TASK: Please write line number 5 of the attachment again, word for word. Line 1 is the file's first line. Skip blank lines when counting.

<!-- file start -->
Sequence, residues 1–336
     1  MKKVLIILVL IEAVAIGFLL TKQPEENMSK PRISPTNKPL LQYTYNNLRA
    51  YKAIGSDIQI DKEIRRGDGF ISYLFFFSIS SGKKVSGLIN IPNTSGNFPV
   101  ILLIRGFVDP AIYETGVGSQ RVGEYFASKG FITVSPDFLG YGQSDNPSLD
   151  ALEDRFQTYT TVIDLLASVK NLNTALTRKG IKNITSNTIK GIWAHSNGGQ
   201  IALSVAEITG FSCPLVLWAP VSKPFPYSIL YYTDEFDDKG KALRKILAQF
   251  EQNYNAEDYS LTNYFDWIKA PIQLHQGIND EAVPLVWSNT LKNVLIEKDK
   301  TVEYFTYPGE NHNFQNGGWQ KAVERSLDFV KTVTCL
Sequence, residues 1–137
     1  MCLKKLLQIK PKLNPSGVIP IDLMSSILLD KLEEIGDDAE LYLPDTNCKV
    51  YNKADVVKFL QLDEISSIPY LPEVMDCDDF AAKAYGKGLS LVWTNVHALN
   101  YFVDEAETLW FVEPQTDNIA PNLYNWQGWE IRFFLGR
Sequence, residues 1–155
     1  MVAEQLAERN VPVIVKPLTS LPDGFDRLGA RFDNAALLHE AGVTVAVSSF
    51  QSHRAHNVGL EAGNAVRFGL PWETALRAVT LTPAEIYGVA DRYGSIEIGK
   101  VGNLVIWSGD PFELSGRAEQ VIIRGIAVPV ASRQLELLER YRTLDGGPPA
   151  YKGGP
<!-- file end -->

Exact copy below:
   151  ALEDRFQTYT TVIDLLASVK NLNTALTRKG IKNITSNTIK GIWAHSNGGQ